5Qs on 5G: with 5GIC

Professor Rahim Tafazolli: Head Of The Institute For Communication Systems (ICS)

Image Credit: University of Surrey

For the first instalment of Inside5G’s new series of profiles on key industry bodies in the development of 5G, Professor Rahim Tafazolli, the Head of the 5G Innovation Centre (5GIC) at the University of Surrey, was on hand to offer a clear idea of exactly what the UK research centre is up to.

What is the main purpose of your involvement in 5G?

To drive the delivery of a mobile communications network capable of meeting the needs of tomorrow – that’s what research in the 5GIC will do. The emphasis will be on developing intelligent systems that work together to give the impression of unlimited data capacity, providing a network that is far faster than today’s 4G system, with greater energy-efficiency, flexibility in support of IoT and much reduced delays as well as orders of magnitude reduction in end user costs.

What is the focus of your activities in 5G?  

The main focus is user requirements and quality of experience from a user perspective. The system will be intelligent enough to consider a user’s dynamic requirements and provide that without explicit user request. 5G will need to offer far greater capacity and be faster, more energy-efficient and more cost-effective than anything that has gone before. The focus of our research is on developing technologies that are flexible, reliable and evolvable and provide extremely low delays. It is important to note that we are not designing 5G for a specific application or service.

Have you identified any key requirements for 5G?

The proliferation of smartphones is driving ever-increasing demand for mobile data – in fact some predict it will grow by a hundred times over the next decade – with much demand for video and other high-speed services. At the same time, we are just beginning to see the emergence of the Internet of Things (IoT), whereby billions of devices will become connected to help us achieve everyday tasks such as finding a parking space, or making sure our fridge is stocked with milk. In the future, many applications – from advanced gaming to driverless cars – will require much shorter network response times to enable very rapid reactions.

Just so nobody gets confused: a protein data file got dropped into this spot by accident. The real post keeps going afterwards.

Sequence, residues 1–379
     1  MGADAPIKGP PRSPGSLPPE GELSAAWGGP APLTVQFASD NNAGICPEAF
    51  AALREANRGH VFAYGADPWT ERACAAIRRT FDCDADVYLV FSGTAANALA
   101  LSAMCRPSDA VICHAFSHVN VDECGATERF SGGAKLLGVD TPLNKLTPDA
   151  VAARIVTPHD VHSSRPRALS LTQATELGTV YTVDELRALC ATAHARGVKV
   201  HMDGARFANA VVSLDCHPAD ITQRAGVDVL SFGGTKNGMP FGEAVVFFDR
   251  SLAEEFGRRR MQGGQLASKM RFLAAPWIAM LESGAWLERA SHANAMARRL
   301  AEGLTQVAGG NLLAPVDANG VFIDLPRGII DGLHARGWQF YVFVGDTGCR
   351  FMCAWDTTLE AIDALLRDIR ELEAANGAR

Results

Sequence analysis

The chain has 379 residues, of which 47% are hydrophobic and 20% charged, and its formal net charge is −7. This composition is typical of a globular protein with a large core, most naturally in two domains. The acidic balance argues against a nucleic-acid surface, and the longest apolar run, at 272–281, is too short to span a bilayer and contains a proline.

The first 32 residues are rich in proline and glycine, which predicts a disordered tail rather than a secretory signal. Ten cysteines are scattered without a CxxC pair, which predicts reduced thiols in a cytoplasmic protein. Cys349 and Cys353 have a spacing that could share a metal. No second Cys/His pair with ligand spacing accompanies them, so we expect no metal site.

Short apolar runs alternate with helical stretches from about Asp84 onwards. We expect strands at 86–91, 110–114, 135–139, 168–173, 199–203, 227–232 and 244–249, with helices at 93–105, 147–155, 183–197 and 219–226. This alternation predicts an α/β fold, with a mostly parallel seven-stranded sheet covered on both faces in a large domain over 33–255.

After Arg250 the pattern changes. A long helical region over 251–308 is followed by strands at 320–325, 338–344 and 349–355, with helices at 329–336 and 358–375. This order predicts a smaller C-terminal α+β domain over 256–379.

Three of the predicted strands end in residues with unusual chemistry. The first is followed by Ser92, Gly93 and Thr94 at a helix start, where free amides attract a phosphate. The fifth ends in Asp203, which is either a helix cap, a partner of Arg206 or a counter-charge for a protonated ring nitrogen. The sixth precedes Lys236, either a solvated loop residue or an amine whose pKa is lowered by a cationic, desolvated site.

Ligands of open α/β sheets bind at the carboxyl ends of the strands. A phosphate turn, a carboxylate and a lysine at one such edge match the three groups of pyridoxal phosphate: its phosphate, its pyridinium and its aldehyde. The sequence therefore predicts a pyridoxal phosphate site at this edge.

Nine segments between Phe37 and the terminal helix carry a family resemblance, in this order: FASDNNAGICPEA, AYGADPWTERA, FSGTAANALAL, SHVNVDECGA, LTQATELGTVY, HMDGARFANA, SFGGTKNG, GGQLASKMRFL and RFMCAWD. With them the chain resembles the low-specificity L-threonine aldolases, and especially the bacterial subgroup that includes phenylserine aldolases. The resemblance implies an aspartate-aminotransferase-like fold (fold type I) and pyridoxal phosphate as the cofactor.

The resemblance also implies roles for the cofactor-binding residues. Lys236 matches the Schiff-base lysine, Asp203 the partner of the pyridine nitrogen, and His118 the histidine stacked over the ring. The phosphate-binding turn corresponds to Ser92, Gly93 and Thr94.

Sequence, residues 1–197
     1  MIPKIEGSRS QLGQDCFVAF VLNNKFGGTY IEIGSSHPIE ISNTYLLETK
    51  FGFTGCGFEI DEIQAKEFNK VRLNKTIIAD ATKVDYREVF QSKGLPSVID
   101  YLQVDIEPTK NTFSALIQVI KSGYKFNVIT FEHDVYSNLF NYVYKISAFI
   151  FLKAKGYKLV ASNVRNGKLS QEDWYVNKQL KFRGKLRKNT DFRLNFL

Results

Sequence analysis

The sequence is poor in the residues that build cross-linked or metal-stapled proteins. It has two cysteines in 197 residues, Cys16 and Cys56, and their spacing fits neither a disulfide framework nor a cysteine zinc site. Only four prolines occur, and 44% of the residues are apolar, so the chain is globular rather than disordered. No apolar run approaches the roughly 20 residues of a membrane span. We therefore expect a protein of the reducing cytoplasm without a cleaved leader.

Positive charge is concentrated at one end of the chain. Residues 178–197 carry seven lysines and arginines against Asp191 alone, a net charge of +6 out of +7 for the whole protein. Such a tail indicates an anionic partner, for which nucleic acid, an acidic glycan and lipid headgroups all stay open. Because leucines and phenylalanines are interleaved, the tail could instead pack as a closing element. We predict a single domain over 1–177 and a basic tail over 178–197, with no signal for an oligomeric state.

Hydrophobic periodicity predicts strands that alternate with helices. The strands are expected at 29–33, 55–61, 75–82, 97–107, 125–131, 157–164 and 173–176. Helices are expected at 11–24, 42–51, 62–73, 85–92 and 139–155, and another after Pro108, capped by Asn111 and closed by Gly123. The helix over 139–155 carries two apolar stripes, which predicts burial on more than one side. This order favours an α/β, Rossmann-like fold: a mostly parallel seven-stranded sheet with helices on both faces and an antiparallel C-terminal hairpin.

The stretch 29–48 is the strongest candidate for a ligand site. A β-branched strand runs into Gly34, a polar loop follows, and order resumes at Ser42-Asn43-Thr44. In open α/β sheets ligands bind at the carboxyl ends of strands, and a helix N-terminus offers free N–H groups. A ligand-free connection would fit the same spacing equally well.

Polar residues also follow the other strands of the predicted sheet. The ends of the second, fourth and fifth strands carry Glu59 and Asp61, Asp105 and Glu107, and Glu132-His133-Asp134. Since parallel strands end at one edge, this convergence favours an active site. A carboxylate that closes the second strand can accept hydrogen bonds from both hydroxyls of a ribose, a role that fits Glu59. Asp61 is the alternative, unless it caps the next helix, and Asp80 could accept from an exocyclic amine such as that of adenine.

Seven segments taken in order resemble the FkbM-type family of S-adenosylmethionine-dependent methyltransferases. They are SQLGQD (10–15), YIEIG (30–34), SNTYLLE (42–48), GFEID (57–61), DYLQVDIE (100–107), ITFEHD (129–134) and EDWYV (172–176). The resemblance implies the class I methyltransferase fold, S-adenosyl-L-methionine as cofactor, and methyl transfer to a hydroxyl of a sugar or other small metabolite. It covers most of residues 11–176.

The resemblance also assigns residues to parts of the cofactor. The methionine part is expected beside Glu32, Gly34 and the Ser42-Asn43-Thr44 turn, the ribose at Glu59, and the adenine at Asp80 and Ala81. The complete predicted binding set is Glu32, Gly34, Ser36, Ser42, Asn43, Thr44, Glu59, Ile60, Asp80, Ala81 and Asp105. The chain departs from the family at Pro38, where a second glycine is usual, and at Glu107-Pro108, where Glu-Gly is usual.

“Reducing energy consumption will be another key focus, both in order to lessen emissions and to improve end-user benefits such as enabling longer battery life and providing innovative energy solutions for wearable devices”

In order to meet all of these requirements, 5G will be fully focused on users and their needs, unlike previous mobile communication networks. The aim will be to give the user the impression of unlimited data rates while juggling available resources. Two ways of achieving this will be to predict user demand better so that applications perform bandwidth-heavy tasks when the network is least loaded – optimising network response times where needed using a measure known as ‘latency’ – and to make better use of all available wireless networks.

In developing the 5G network there will be a pressing need to reduce end user costs: given that data requirements may grow up to a hundred-fold, monthly bills cannot increase by the same amount if emerging technologies are to be accessible for mainstream use. Reducing energy consumption will be another key focus, both in order to lessen emissions and to improve end-user benefits such as enabling longer battery life and providing innovative energy solutions for wearable devices.

5G will enable true mobile and fix convergence and will operate seamlessly in licensed and license-exempt frequency bands. This will have great impacts on business chain and models which will be very different from today’s. Essentially, 5G will be a holistic framework for all our communications needs, and it will need to be flexible enough to evolve, adapt and grow – just as the internet has.

What are your targets in terms of output and results?

We will address key challenges in the development of a 5G infrastructure capable of providing connectivity for future technologies, including the Internet of Things (IoT), Machine Type Communications (MTC) and system will be intelligent by utilising telecom Big Data. In June 2015 we plan to have a base line testbed, based on 4G Advance, in operation on campus. In 2016 we will start providing inputs to standardisation bodies such as 3GPPP, ETSI, IEEE and NGMN. Then, in 2018, we should be able to demonstrate 5G technologies on our campus broadband and IoT testbeds.

What companies are you collaborating with in the development of 5G?

In 2013 a consortium of industry partners, including Aeroflex, AIRCOM International, BBC, BT, EE, Fujitsu Laboratories of Europe, Huawei, Ofcom, Rohde & Schwarz, Samsung, Telefonica and Vodafone joined us in the ambition to deliver a specialised 5G research and innovation centre, 5GIC. Since then further partners have joined including Ascom, Catapult, Chemring, ITRI, and Ofcom.

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